Students Explore The Heart Of The Delta
July 22, 22
SHSU Media Contact: Campbell Atkins
Sam Houston State University honors students from the Elliott T. Bowers Honors College immersed themselves in the heart and soul of Blues-rooted music and American culture in May with a trip to the Mississippi Delta. The trip was in conjunction with an Honors Study Away seminar and was unofficially dubbed Music, Civil Rights & the Birthplace of the Blues: The Geography and Soul of the Mississippi Delta.
Geography Professor John Strait, who has made this trip on over 20 occasions through the years, led the group of students through the “Birthplace of the Blues” and showcased several locations that help consumers and travelers understand the music and, in turn, the places from where it evolved, on a deeper level.
“When you hear a song out of context, it may be a good song and you may relate to the lyrics,” Strait said. “But if you are spending time immersed in a geographical area that evokes the cultural context that the singer and original listeners were in, you can relate to it more urgently.”
SHSU student Alex Palomares was at first on the fence about attending and entered with little knowledge of the area or the music they would develop a deeper understanding for along the way.
“What I wanted was a school trip during the summer, to go somewhere I had not been,” Palomares said. “Once we got there, it was an incredible experience. I had never listened to the blues or that type of music, but I really appreciate it now and everything we went over. Being at those places really was a big factor in learning about the music.”
Hailey Richardson made the same trip in August of 2021 and has an immense appreciation for it nearly a year later.
“I feel the best way to understand geography is by getting in the field,” Richardson said. “This is our way of understanding people. We got to live their lives through their shoes to fully understand and get a wholistic perspective of what went on through the Mississippi Delta through the great migration.”
While always passionate about geography, Richardson admitted her knowledge of blues-rooted music extended no further than her parents’ stereo. Her appreciation for the genres, and music as a whole, grew rapidly on the trip.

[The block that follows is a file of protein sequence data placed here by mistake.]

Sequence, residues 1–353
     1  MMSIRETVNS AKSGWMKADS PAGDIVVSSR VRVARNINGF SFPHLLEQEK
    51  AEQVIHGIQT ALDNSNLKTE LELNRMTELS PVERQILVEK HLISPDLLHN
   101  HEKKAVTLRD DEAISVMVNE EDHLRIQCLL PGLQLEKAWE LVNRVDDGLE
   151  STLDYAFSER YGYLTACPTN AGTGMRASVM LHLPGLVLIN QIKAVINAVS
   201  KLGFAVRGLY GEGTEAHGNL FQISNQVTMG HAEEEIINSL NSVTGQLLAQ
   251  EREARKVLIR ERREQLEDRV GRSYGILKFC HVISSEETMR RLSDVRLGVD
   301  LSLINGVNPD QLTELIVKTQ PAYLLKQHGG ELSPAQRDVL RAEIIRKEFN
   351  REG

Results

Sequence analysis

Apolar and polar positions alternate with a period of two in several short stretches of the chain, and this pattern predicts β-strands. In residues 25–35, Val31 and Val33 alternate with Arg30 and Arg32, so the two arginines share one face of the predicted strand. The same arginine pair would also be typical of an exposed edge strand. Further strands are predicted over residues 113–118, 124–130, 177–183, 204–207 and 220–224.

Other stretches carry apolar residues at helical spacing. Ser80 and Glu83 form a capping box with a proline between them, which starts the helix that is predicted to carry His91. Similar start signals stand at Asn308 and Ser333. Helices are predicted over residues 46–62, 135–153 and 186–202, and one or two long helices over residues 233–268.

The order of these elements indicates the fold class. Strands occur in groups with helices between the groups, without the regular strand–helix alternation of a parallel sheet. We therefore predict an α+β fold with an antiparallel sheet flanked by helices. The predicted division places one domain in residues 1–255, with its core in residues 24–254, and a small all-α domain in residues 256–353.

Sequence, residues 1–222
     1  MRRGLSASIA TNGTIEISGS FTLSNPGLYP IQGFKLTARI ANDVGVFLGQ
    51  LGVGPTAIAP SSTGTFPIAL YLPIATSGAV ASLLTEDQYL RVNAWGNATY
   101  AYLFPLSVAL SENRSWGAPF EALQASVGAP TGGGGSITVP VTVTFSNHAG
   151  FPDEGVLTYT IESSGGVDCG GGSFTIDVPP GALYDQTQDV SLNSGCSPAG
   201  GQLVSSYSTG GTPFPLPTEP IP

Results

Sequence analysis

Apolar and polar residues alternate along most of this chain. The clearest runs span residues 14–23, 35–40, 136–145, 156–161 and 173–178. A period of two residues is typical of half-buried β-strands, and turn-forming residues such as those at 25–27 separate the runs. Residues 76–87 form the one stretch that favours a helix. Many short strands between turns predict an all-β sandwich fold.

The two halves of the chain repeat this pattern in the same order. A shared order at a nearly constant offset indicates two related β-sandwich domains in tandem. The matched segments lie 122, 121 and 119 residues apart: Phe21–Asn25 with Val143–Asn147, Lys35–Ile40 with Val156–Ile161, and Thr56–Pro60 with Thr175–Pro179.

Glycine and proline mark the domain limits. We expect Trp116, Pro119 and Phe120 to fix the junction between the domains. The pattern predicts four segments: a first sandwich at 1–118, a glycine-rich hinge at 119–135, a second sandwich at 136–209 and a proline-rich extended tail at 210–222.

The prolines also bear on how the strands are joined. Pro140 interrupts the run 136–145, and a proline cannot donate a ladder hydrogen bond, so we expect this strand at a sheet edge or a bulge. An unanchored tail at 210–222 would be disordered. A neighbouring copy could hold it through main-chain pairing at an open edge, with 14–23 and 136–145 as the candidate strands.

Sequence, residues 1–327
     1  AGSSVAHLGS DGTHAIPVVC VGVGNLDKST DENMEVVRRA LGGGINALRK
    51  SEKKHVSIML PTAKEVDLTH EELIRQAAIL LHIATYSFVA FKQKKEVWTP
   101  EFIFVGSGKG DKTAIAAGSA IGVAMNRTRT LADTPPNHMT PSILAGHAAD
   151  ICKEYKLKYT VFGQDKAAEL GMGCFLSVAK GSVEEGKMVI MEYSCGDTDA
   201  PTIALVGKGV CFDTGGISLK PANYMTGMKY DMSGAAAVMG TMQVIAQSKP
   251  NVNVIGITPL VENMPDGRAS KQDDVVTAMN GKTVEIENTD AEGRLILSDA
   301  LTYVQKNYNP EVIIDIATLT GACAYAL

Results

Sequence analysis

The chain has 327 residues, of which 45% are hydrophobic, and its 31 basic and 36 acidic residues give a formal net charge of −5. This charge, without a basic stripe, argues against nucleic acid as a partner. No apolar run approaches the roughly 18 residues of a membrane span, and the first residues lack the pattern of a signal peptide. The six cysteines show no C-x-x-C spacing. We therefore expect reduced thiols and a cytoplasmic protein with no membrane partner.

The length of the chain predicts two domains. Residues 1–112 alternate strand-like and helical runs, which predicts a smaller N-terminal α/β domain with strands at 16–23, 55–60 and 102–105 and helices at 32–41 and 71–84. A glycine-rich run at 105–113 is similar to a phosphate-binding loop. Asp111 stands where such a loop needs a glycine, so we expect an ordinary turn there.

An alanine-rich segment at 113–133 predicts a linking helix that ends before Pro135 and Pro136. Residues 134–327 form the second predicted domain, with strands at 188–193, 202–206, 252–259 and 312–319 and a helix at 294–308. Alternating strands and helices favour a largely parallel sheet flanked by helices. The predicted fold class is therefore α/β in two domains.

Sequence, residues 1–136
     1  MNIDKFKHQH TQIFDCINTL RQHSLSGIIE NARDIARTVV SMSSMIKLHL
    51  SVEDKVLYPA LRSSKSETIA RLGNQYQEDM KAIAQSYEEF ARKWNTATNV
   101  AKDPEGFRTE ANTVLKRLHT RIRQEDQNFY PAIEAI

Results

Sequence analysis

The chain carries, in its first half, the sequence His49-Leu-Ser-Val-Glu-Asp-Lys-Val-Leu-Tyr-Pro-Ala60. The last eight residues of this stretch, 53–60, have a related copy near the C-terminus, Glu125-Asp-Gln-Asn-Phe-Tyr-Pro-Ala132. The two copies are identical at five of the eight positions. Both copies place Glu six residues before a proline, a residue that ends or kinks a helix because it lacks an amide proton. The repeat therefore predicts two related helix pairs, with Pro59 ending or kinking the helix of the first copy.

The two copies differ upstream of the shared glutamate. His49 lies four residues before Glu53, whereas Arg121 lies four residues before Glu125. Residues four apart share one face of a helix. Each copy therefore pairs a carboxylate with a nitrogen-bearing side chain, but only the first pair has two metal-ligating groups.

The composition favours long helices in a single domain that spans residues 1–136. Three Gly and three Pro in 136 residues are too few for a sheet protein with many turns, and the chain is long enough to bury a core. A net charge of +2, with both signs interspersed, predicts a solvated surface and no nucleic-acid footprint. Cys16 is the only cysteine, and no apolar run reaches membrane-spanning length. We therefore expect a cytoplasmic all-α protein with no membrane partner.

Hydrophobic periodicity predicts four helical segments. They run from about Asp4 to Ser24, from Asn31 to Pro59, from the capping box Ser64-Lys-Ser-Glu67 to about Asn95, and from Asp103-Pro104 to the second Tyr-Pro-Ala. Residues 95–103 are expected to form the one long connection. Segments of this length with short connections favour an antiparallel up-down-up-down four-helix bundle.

“There is so much more than just listening to the melody and the lyrics behind it,” Richardson said. “You cannot feel that emotional burden until you are there in that moment.”
The trip’s destinations not only gave the students a better angle to approach the music at hand, but also gave them historical and geographical perspectives regarding the music and this portion of the United States as a whole.
“Blues music and blues-rooted music have a lot to do with cultural conditions and changes that were occurring at the time and place where it evolved,” Strait said. “It enables students to realize that music is not just about the music, people weren’t just singing to entertain themselves.”
Blues-rooted music may sound broad, but Strait describes it to encompass genres such as blues, gospel, soul, rock n’ roll, etc. The major focus of the course was to discuss the various ways these genres functioned as a form of cultural affirmation that both reflected and encouraged social change. For example, this music didn’t just reflect the civil rights movement, it was itself part of that movement.
One of the trip’s highlights turned out to be a visit to Stovall Plantation, former home of blues legend McKinley Morganfield, better known as Muddy Waters.
“We were at the location where his house stood,” Strait said. “I think that particular location is important because Muddy Waters as a person and what he represents are symbolic of change.”
The group’s travels also took them to Memphis hotspots such as the National Civil Rights Museum at the Lorraine Motel, where Martin Luther King Jr. was assassinated in 1968, as well as Beale Street, Sun Studios and Stax Museum of American Soul Music. They also explored the hometowns of artist B.B. King and activist Mrs. Fannie Lou Hamer along with Dockery Farms, which is widely regarded as the place where Delta blues was born.
They also visited the town Emmett Till was abducted and lynched in, a tragedy that helped spark the modern civil rights movement.
Whether it was music, civil rights history or geographic practices, Strait and the students consumed every bit of the Mississippi Delta and learned its true contributions to the nation on a deep, sincere level. This included literal consumption, as well, with stops to taste a variety of Delta cuisine, such as authentic soul food, barbecue, fried catfish, hot tamales, okra, barbecued spaghetti and fried dill pickles.
The travel van was rocking with blues-rooted music the entire trip, but they also experienced several live musical performances, as well. The highlight was Red’s Lounge, the famous juke joint in Clarksdale, Miss., where they enjoyed the genius of Lucious Spiller.
This place-based field course is not uniquely available to honors students, as the course (GEOG 4360) is offered on an annual basis as part of the geography curriculum at SHSU. Strait will take another group of students on the trip again in August. After the field immersion in the Delta, Strait and the students will meet in the classroom for a seminar during the fall semester. The group will include a couple of familiar faces of those who have already embarked on the journey but desire to do so again. Strait and his wife and colleague, Ava Fujimoto-Strait, also regularly offer similar field-based courses that entail immersion within various other places, such as Hawaii, Spain and Morocco.
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